I know, I know, it’s the most common phrase people say when someone dies. As someone who has been the personal recipient of that particular sympathy greeting, I can honestly say I hated it. It just feels like an empty phrase. Sure, you may be sorry that this happened, but now you’ve put me in a corner and expect me to respond to that. How does one respond to that? Thank you? Definitely not with the truth.
More often than not, when hoards of people are offering sympathy and condolences, they’re expecting a simple “thank you”. I usually responded with a “Yeah.” and changed the subject and I noticed that even that seemed to make people uncomfortable. It was a weird feeling.
I spent some time researching websites that answer the question about what to say when someone dies and some of the answers were cringeworthy.
“Things will be normal again soon”
“I know exactly how you feel.”
“Cheer up. Your (loved one who died) wouldn’t want you to be sad.”
“Cherish all of the wonderful memories. They will bring you peace.”
Let’s take a closer look at these.
- “Things will be normal again soon” – Things will not be normal again soon, or ever. Eventually, you WILL establish a new routine for yourself and that will become your new normal, but to say things will return to how they were before is just a flat out lie.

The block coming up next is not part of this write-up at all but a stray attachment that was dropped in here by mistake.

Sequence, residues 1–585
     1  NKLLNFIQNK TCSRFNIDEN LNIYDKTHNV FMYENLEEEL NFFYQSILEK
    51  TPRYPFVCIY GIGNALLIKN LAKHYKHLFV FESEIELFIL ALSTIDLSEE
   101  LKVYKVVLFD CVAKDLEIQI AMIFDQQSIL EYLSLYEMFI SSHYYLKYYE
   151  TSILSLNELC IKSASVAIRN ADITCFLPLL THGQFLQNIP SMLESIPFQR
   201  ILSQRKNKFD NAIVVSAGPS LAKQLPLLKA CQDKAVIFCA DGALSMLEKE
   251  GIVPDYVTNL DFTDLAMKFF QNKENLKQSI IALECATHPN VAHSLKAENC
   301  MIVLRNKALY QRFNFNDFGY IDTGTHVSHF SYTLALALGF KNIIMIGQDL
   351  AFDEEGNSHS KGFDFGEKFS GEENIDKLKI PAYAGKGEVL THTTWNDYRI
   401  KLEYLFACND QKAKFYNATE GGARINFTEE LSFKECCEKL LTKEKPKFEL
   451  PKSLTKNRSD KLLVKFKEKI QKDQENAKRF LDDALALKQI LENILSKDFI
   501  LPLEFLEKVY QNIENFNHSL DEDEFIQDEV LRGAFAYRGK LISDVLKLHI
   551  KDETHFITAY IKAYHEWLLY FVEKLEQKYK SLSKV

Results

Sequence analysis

- “I know exactly how you feel.” – This one is a quick one. You don’t. And if you ever say this to someone, you deserve to be slapped.
- “Cherish all of the wonderful memories. They will bring you peace.” – At first glance, this may seem like the right thing to say. It’s full of positivity and hope. However, one of the healthiest ways to navigate grief is to feel it. To ride those waves and move through those currents of emotions.
- “Cheer up. Your (loved one who died) wouldn’t want you to be sad.” – This one also deserves a chin check.
Here are a two that I found to be incredibly helpful:
- “I don’t know how you feel, but I am here to help in any way I can.” – This is wonderful, but only say it if you mean it.
- “I’m always up late/early if you’re having trouble sleeping and you want to talk.”- Sleep is hard to come by, and more often than not, the bereaved person may feel most alone in the wee hours of the morning when the rest of the world is asleep.
An honorable mention goes out to a really great friend of mine for asking “How would you like me to pray for you?”
I was so touched by this. Most people told me they were praying for me, but they were following it up with things like “you’ll dream about him”, and “he’s never really gone”. I didn’t want EITHER of those things.
I remember asking her to pray for dreamless sleep, because I was just so tired.
Loving through action is by far my favorite response to learning of a death (but you guys know this by now). I’m so grateful that most of the people I have in my life knew how to do exactly that.
So, there you have it. Go out into the world, and love.